(07/22/20) NEW ORLEANS — Winning any award is big news. But winning an award for “doing good” is considered one of the ultimate forms of development.
Checking on seniors who are stuck in place due to the pandemic was just the ticket to win the One in a Million award by Orleans Parish 4-H’ers.
Known for the prestigious Jefferson Award, Multiplying Good recently launched the One in a Million campaign to recognize acts of service big and small during these unprecedented times.
LSU AgCenter 4-H agent in Orleans Parish Alisha Okoro found out about the award and decided to nominate the club.
“Our junior leaders have been making weekly phone calls to elderly residents in Orleans Parish during the pandemic as part of a 4-H program called CARES Project — Children Acting Responsibly to Engage Seniors,” she said.
“This is a new program within Missouri, Virgin Islands, Jefferson and Orleans parishes 4-H that connects youth with local seniors,” she added. “Since we’re having to social distance, many of our seniors can no longer receive visits from family and friends.”
Okoro and fellow 4-H agent Derek Landrum realized the separation can be a source of extreme loneliness and depression. They saw an opportunity to help the elderly and help their students learn about the past.
Once the junior leaders make the initial call to introduce themselves, subsequent calls are scripted to engage the seniors about several topics from eating a balanced diet to physical activity.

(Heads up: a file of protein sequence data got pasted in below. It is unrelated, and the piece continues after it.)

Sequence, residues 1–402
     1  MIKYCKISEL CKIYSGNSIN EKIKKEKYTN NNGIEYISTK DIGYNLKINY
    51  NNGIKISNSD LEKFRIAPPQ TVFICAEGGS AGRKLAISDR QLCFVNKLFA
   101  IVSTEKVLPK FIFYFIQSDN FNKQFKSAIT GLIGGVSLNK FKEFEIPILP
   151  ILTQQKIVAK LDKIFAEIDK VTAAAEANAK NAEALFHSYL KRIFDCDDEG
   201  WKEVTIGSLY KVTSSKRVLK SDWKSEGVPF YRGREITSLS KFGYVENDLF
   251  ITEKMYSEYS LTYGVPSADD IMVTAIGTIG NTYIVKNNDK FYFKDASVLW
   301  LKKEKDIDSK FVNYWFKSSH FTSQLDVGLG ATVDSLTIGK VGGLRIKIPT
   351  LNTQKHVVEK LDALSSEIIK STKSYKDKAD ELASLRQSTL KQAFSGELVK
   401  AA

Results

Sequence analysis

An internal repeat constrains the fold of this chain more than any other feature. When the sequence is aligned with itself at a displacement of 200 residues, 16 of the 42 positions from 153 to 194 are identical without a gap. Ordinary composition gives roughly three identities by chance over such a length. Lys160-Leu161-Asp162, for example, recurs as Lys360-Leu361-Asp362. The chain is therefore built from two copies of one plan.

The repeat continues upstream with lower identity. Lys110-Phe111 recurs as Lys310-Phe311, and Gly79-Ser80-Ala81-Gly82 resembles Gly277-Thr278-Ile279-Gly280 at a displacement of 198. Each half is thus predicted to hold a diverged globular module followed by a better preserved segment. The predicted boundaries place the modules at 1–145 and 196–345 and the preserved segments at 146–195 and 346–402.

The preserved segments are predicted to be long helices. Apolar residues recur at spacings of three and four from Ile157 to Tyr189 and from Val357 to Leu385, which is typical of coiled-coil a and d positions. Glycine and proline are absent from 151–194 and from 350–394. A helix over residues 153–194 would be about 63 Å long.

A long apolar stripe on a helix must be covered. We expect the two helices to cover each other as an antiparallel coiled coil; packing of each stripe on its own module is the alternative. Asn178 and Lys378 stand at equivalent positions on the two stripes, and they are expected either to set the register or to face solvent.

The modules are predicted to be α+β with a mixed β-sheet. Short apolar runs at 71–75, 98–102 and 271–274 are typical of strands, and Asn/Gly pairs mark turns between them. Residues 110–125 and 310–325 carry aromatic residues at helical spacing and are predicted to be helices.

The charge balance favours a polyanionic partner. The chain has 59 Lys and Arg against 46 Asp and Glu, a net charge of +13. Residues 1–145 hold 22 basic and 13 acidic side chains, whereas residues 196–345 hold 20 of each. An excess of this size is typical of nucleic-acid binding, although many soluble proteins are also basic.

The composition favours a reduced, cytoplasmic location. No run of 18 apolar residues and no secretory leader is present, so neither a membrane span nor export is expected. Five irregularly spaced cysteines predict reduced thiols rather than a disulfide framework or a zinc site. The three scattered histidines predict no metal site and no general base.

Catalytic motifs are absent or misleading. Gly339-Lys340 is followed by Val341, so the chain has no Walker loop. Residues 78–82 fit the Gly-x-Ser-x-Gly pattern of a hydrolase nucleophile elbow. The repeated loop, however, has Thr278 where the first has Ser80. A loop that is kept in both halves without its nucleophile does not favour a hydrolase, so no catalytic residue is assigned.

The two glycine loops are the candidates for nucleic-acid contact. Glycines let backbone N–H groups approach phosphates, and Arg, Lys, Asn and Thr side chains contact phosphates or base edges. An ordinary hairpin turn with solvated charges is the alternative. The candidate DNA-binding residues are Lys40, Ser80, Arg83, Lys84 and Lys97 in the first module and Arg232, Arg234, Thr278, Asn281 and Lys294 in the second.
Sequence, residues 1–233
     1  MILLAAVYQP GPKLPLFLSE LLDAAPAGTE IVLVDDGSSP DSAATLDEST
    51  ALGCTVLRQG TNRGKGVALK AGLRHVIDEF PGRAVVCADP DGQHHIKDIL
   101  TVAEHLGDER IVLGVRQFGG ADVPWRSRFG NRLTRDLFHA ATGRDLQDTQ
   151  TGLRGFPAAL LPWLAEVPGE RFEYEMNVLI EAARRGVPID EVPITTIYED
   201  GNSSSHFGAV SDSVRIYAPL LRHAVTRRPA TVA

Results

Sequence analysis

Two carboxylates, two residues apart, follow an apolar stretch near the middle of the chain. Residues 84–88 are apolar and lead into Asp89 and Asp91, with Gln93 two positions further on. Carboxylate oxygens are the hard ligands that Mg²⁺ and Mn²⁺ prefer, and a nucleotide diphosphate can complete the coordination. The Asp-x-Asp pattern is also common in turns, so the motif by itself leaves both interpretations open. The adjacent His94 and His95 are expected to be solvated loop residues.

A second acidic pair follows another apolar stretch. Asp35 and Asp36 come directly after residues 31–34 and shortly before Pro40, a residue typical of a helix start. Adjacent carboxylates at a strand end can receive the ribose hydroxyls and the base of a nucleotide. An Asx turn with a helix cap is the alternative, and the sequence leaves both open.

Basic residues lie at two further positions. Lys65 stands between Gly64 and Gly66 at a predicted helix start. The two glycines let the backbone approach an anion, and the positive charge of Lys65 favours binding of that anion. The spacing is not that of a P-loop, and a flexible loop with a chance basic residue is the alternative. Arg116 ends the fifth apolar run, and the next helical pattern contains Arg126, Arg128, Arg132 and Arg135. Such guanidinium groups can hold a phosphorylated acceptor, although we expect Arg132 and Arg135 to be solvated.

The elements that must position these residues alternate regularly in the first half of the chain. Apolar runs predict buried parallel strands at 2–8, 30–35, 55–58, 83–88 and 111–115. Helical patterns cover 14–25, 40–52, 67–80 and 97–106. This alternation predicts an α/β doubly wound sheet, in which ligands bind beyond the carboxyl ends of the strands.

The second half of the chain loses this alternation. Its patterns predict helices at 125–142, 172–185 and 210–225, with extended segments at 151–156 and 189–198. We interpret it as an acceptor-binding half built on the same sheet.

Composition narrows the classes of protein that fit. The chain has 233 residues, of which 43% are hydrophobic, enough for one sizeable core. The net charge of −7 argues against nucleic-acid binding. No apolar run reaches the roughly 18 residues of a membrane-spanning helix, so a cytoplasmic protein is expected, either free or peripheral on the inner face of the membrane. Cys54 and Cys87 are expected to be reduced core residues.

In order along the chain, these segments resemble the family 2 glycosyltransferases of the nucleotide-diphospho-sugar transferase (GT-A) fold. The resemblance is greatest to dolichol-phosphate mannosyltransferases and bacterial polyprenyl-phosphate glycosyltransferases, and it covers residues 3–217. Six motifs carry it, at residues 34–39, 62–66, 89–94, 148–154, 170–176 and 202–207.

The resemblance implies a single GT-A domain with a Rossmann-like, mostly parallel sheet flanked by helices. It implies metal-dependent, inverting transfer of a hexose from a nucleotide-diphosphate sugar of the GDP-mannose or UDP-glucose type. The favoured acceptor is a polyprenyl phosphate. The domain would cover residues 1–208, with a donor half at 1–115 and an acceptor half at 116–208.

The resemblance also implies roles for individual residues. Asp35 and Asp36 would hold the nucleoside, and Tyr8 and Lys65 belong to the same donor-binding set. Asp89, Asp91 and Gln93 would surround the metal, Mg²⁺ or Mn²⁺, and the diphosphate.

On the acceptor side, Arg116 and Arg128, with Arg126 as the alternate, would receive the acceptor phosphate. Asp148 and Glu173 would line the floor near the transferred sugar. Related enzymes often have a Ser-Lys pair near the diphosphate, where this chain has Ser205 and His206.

One of the seniors has provided an education away from school for the 4-H’er who has been assigned to her.
Mary Johnson, one of the seniors participating in the CARES Project, was born in Mississippi and moved to New Orleans as a teen. Johnson likes to talk to the 4-H’er about her more than 20 years of experience as a nurse.
The topic she discussed with one of the junior leaders — eating a balanced diet — has made her more conscious of eating healthier and making better food choices.
“The junior leader, Maya, also enjoys talking to the senior each week,” Okoro said. “She has learned a lot from the senior and looks forward to the little piece of advice she receives each week, such as wearing a mask as recommended, drinking enough water and always doing her best in school.”
Through the CARES Project, 4-H junior leaders have directly affected the lives of seniors, along with increasing their communication and leadership skills by promoting community resilience.
The junior leaders have also made masks for healthcare workers in New Orleans as one of their community service projects.
“We are always looking for new projects to keep our students connected and involved,” Okoro said.
Orleans Parish 4-H member Shelbi Varnado uses her head, heart and hands to discuss health and the importance of physical activity with one of the seniors she calls to check on every week. Shelbi and her club members recently won a One in a Million award as part of the CARES Project of the LSU AgCenter 4-H youth development program. Photo by Alisha Okoro/LSU AgCenter